SAN FRANCISCO — Google placed an engineer on paid leave recently after dismissing his claim that its artificial intelligence is sentient, surfacing yet another fracas about the company’s most advanced technology.
Blake Lemoine, a senior software engineer in Google’s Responsible A.I. organization, said in an interview that he was put on leave Monday. The company’s human resources department said he had violated Google’s confidentiality policy. The day before his suspension, Mr. Lemoine said, he handed over documents to a U.S. senator’s office, claiming they provided evidence that Google and its technology engaged in religious discrimination.
Google said that its systems imitated conversational exchanges and could riff on different topics, but did not have consciousness. “Our team — including ethicists and technologists — has reviewed Blake’s concerns per our A.I. Principles and have informed him that the evidence does not support his claims,” Brian Gabriel, a Google spokesman, said in a statement. “Some in the broader A.I. community are considering the long-term possibility of sentient or general A.I., but it doesn’t make sense to do so by anthropomorphizing today’s conversational models, which are not sentient.” The Washington Post first reported Mr. Lemoine’s suspension.
For months, Mr. Lemoine had tussled with Google managers, executives and human resources over his surprising claim that the company’s Language Model for Dialogue Applications, or LaMDA, had consciousness and a soul. Google says hundreds of its researchers and engineers have conversed with LaMDA, an internal tool, and reached a different conclusion than Mr. Lemoine did. Most A.I. experts believe the industry is a very long way from computing sentience.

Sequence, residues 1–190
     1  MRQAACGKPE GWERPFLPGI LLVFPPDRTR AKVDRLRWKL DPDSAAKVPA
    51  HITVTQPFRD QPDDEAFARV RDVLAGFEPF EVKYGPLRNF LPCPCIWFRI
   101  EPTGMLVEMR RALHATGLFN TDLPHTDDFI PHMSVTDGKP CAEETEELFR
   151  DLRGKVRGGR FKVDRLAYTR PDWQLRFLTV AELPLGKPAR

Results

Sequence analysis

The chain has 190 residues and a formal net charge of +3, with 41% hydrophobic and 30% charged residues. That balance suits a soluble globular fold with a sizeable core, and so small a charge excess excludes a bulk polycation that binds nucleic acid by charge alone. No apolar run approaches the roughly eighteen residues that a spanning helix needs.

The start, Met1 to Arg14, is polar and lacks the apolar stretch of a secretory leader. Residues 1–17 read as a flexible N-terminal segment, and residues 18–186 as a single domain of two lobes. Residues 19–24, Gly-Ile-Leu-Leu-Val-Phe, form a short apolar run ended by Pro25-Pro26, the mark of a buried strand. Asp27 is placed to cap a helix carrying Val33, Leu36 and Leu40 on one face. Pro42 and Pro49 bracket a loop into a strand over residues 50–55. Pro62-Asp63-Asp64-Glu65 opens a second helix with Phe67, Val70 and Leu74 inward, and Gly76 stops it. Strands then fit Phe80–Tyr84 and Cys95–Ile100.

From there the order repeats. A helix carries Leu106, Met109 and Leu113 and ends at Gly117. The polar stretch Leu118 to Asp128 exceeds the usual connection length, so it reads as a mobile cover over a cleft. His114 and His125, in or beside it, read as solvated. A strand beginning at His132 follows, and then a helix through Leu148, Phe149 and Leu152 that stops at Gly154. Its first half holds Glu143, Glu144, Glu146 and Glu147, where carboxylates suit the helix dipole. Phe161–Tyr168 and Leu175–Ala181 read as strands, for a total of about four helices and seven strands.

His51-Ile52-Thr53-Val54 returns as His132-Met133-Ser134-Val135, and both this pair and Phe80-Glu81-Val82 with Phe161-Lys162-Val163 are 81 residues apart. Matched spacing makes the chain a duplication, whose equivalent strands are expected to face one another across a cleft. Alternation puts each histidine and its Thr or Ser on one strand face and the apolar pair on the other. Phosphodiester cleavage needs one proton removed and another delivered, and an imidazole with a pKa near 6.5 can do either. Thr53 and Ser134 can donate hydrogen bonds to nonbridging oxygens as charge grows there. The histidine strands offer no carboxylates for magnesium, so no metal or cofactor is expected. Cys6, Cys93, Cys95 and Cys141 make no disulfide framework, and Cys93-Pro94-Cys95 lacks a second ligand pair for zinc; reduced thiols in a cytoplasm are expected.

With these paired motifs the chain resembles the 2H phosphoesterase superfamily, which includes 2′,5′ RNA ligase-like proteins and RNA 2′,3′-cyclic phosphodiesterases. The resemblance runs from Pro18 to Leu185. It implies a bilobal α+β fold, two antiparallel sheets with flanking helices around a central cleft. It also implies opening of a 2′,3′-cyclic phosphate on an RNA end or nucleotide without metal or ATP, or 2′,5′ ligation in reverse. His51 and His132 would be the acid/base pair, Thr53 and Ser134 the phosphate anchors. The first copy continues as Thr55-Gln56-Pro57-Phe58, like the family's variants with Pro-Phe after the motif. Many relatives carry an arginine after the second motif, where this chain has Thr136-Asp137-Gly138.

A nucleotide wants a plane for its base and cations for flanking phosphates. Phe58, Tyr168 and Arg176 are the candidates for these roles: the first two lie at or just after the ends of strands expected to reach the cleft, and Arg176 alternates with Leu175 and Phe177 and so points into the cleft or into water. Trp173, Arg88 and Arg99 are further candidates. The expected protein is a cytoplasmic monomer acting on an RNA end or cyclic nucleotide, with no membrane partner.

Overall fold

Some A.I. researchers have long made optimistic claims about these technologies soon reaching sentience, but many others are extremely quick to dismiss these claims. “If you used these systems, you would never say such things,” said Emaad Khwaja, a researcher at the University of California, Berkeley, and the University of California, San Francisco, who is exploring similar technologies.
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While chasing the A.I. vanguard, Google’s research organization has spent the last few years mired in scandal and controversy. The division’s scientists and other employees have regularly feuded over technology and personnel matters in episodes that have often spilled into the public arena. In March, Google fired a researcher who had sought to publicly disagree with two of his colleagues’ published work. And the dismissals of two A.I. ethics researchers, Timnit Gebru and Margaret Mitchell, after they criticized Google language models, have continued to cast a shadow on the group.
Mr. Lemoine, a military veteran who has described himself as a priest, an ex-convict and an A.I. researcher, told Google executives as senior as Kent Walker, the president of global affairs, that he believed LaMDA was a child of 7 or 8 years old. He wanted the company to seek the computer program’s consent before running experiments on it. His claims were founded on his religious beliefs, which he said the company’s human resources department discriminated against.
“They have repeatedly questioned my sanity,” Mr. Lemoine said. “They said, ‘Have you been checked out by a psychiatrist recently?’” In the months before he was placed on administrative leave, the company had suggested he take a mental health leave.
Yann LeCun, the head of A.I. research at Meta and a key figure in the rise of neural networks, said in an interview this week that these types of systems are not powerful enough to attain true intelligence.
Google’s technology is what scientists call a neural network, which is a mathematical system that learns skills by analyzing large amounts of data. By pinpointing patterns in thousands of cat photos, for example, it can learn to recognize a cat.
Over the past several years, Google and other leading companies have designed neural networks that learned from enormous amounts of prose, including unpublished books and Wikipedia articles by the thousands. These “large language models” can be applied to many tasks. They can summarize articles, answer questions, generate tweets and even write blog posts.
But they are extremely flawed. Sometimes they generate perfect prose. Sometimes they generate nonsense. The systems are very good at recreating patterns they have seen in the past, but they cannot reason like a human.